In such circumstances, it made sense for families to develop a strict division of labor based on the single most significant natural differences between the sexes: the greater size and physical strength of the male (on average), and the singular capacity of women to bear children. Men would take the lead in providing, protecting, hunting, and plowing the fields while women would care for the young children and tend to life in the home, while also helping with other tasks as needed.
Nearly every cultural form of male domination followed from the prehistoric gendered division of labor. This included political activity and engagement reserved almost exclusively for men, along with elaborate religious and philosophical accounts (nearly always written by men) of the proper (distinct but complementary) social roles for men and women. Before long, a historically contingent, evolutionary holdover from a time of bare material survival had mixed with human reason and imagination to produce a profoundly gendered — but also often beautifully intricate and intellectually formidable — spiritual-cultural vision of reality in which those contingencies appeared to be necessary and even deliberately intended by nature, God, or both.
America's uninterrupted line of male presidents can be traced back to this still strong spiritual-cultural inheritance. At least since the time of the 18th-century Enlightenment, with its call to subject received norms, practices, and beliefs to critical scrutiny, the Western world has had the intellectual tools to dismantle elements of this inheritance that seem not to comport with justice and our experience of the world. And since roughly the mid-19th century in the United States, that sense of justice and experience has increasingly clashed with the received stories about how men are better suited to politics than women.
What changed? Many things, including the democratic leveling of hierarchies in other spheres of life and the moral self-assertion of women and their demand to be treated as equals. But perhaps most significant of all has been the end of the material scarcity that led prehistoric humans to adopt a gendered division of labor in the first place. Despite the persistence of relative poverty in many places, and hunger and other forms of deprivation in many others, vast swaths of humanity now live in a condition of abundance that would have been unimaginable in past ages.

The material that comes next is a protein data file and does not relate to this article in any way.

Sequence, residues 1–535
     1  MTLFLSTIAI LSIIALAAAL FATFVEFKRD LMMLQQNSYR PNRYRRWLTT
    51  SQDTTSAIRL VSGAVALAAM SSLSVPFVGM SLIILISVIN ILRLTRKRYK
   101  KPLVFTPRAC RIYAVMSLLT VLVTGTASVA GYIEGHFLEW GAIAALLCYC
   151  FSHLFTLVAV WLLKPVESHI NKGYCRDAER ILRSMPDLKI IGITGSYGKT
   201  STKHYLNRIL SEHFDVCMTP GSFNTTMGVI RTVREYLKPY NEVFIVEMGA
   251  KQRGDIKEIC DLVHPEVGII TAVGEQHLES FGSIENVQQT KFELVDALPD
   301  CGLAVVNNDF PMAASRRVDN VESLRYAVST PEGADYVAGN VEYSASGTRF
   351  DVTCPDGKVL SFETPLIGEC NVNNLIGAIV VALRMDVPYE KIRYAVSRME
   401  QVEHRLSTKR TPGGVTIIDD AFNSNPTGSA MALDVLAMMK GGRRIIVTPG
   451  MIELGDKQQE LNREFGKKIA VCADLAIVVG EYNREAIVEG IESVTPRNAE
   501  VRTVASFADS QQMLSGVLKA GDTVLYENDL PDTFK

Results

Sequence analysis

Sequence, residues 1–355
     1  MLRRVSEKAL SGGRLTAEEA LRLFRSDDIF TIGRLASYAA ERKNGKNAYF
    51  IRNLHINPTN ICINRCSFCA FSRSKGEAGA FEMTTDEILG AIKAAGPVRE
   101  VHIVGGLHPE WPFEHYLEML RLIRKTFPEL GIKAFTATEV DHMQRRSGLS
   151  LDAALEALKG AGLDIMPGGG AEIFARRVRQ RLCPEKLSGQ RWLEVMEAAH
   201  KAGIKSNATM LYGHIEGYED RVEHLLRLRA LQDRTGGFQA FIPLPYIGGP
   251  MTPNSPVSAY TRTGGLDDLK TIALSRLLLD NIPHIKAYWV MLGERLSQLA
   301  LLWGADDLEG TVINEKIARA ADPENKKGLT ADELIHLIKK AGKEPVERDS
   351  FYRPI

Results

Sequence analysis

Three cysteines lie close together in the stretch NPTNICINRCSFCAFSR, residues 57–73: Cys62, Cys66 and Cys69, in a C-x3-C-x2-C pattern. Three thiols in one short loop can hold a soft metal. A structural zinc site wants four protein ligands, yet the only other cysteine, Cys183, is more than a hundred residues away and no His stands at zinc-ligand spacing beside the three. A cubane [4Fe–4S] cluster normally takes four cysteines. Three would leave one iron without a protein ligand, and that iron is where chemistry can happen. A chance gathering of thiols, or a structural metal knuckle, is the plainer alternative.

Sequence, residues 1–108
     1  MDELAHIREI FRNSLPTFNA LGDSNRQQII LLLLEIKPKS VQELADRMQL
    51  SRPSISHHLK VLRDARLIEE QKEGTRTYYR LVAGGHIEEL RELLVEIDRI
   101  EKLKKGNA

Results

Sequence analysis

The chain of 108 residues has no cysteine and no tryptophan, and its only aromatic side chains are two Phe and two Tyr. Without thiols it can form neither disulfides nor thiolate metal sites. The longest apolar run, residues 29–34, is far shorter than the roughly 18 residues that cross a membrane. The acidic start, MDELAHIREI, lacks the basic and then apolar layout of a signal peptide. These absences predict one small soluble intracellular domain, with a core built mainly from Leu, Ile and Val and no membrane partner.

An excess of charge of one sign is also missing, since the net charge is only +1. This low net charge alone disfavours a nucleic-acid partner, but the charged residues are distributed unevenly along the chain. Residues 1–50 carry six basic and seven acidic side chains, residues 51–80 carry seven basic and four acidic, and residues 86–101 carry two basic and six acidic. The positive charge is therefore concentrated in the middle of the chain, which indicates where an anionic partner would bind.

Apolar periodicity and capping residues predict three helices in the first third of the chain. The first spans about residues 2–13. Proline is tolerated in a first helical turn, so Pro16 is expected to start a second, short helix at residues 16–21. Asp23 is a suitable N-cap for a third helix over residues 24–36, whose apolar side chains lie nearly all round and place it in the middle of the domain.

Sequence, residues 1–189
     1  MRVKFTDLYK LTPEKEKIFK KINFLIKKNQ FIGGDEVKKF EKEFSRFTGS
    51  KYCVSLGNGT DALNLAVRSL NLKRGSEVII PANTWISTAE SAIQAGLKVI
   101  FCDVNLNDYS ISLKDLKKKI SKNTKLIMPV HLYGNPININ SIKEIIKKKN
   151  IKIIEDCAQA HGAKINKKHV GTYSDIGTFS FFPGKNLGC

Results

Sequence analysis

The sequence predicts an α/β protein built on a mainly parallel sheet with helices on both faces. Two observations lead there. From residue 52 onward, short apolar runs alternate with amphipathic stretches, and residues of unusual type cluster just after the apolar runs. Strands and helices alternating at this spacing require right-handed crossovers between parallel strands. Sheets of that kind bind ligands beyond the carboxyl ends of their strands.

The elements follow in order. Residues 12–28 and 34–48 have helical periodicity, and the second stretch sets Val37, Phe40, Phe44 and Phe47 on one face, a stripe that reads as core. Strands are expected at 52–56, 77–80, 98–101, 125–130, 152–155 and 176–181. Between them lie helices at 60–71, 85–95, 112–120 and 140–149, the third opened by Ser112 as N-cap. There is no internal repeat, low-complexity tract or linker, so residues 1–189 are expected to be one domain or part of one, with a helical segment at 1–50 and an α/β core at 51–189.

It is this abundance, this overcoming of scarcity, that has allowed us to begin kicking free of the old gendered division of labor. Not that gender roles have been completely scrambled. Many more American women than men choose to take the lead in caring for young children, for example. Maybe this would change if the law required employers to provide generous benefits to new fathers. But then maybe the law would require employers to provide generous benefits to new fathers if voters demanded it. That they don't is yet another sign of the persistence of the old ways.
This, or something very much like it, is what I plan to tell my daughter — that our highly gendered cultural inheritance combines much that is beautiful with much that is unjust, and that we're still disentangling what we hope to preserve from what we want to cast aside. As part of that process, more and more women are rising to positions of political (and economic and cultural) power.
And someday soon (maybe even before my daughter is old enough to have this very conversation) one of them is bound to become the first female president.